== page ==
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Departmental Colloquium

Title
Entrainment and horizontal cross flows and their affect on hydrothermal plume vertical velocity and temperature fluctuations  
Guest Speaker
Dr. Daniela Di Iorio  
Guest Affiliation
University of Georgia, Department of Marine Sciences  
Host
Dr. Steve Lewis  
When
Thursday, February 10, 2011 4:00 pm - 5:00 pm  
Location
Physics 202  
Details

Deep sea hydrothermal plumes are driven by gravitational buoyancy forces and may rise up to hundreds of meters above their orifice. Ambient ocean water is entrained into the plume during its ascent, which makes the plume diluted and cooled.   Long term measurements of physical properties of hydrothermal plumes are limited and are important for understanding heat flow from the Earth’s interior.  In Sept 2007 an acoustic scintillation system was used to specifically quantify the temporal variability of the vertical velocity and temperature fluctuations of the hydrothermal plume of Dante at 2155m depth. Six weeks of data was collected and using the space-time coherence of the acoustic amplitude signal, hourly vertical velocity measurements were obtained.  Theoretical developments comparing acoustic forward scattering from turbulence and from particles show that suspended particles within the plume produce negligible amplitude fluctuations compared to turbulence modeled by an isotropic and homogeneous Kolmogorov model for the temperature variability.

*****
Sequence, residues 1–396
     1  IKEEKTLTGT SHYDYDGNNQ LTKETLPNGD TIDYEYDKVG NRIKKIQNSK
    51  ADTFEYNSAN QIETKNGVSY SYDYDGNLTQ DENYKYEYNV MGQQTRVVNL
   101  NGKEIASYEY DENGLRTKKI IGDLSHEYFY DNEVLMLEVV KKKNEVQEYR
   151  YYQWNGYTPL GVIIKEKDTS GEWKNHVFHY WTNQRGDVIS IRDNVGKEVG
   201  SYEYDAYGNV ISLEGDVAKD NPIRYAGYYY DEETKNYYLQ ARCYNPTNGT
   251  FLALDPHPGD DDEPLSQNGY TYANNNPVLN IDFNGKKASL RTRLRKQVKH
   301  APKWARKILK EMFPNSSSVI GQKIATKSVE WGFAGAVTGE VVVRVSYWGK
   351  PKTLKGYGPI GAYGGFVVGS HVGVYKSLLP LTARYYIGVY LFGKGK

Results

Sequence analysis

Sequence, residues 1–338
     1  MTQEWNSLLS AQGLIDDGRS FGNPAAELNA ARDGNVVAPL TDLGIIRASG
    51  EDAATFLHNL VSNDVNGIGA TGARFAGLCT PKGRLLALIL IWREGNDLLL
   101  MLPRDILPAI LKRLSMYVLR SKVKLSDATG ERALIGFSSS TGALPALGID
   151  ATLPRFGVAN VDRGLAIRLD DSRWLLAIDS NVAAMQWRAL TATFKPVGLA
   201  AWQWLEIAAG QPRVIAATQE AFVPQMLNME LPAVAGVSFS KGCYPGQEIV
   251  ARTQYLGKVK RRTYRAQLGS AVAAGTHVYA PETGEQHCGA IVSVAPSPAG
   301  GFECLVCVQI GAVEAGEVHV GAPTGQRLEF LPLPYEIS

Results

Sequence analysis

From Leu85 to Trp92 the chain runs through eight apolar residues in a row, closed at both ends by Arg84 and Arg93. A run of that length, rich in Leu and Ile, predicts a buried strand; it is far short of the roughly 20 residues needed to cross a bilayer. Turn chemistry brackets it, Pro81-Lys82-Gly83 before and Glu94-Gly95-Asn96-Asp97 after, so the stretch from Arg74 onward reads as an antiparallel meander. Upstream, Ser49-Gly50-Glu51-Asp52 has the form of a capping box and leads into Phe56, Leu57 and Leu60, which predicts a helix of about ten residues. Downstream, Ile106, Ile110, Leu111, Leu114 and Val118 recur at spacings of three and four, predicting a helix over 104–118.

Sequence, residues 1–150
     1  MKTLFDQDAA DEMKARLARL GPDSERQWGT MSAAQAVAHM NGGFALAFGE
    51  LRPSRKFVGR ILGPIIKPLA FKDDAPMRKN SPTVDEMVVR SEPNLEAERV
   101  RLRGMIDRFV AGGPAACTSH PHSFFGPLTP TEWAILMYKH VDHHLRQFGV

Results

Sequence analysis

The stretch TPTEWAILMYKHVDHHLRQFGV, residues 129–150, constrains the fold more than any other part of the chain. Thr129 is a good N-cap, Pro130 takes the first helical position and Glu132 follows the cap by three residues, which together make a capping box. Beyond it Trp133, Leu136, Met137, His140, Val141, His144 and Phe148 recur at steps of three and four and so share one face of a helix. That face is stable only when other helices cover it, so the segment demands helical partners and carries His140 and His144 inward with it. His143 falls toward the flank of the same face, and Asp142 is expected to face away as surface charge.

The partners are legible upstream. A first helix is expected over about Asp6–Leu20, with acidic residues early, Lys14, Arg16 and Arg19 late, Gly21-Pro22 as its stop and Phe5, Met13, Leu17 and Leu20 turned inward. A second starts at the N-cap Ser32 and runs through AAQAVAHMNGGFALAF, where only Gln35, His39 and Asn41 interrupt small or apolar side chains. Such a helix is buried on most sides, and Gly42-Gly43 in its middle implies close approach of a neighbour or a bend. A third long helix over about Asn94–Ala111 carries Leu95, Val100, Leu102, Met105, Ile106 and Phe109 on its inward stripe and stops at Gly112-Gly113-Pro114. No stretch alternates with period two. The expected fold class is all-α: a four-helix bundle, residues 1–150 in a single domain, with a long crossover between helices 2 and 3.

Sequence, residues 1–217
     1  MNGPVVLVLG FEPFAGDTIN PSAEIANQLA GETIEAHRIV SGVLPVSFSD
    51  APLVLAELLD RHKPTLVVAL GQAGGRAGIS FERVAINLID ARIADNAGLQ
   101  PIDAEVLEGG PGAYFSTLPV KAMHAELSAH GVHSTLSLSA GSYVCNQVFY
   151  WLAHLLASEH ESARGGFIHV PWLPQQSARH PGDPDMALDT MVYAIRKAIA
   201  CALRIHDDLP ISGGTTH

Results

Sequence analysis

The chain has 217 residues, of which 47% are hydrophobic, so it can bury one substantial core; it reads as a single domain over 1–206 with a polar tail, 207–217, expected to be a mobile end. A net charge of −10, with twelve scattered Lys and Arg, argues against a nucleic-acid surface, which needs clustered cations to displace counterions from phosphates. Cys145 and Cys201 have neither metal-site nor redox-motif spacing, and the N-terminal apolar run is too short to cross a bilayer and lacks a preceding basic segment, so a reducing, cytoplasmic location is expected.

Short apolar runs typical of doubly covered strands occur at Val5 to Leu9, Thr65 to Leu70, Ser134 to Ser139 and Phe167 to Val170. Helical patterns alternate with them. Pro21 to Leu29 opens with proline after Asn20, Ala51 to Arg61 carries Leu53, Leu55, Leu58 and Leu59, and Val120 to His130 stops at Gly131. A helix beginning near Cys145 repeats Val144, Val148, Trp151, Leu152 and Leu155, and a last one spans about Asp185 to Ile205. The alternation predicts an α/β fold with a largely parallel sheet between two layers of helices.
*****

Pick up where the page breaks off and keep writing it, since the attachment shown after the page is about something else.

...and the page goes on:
The vertical velocity and temperature fluctuations show a significant negative correlation with the horizontal flow.  The hydrothermal plume of Dante and its interaction with the horizontal flow within the Main Endeavour Field can be generalized as follows: 1) when the horizontal flow is weak (during the ebbing tide), less ambient ocean water is entrained into the plume. In such a case, the plume is faster and hotter and the temperature fluctuations increase within the plume; 2) when the horizontal flow is strong (during the flooding tide), more ambient ocean water is entrained into the plume. In such a case, the plume is slower
and cooler with reduced temperature fluctuations.   Results from an integral plume model based on the conservation equations of mass, momentum, density deficit and dissolved tracers and taking into account ambient stratification and horizontal cross flows are compared with observations showing consistent results.

 

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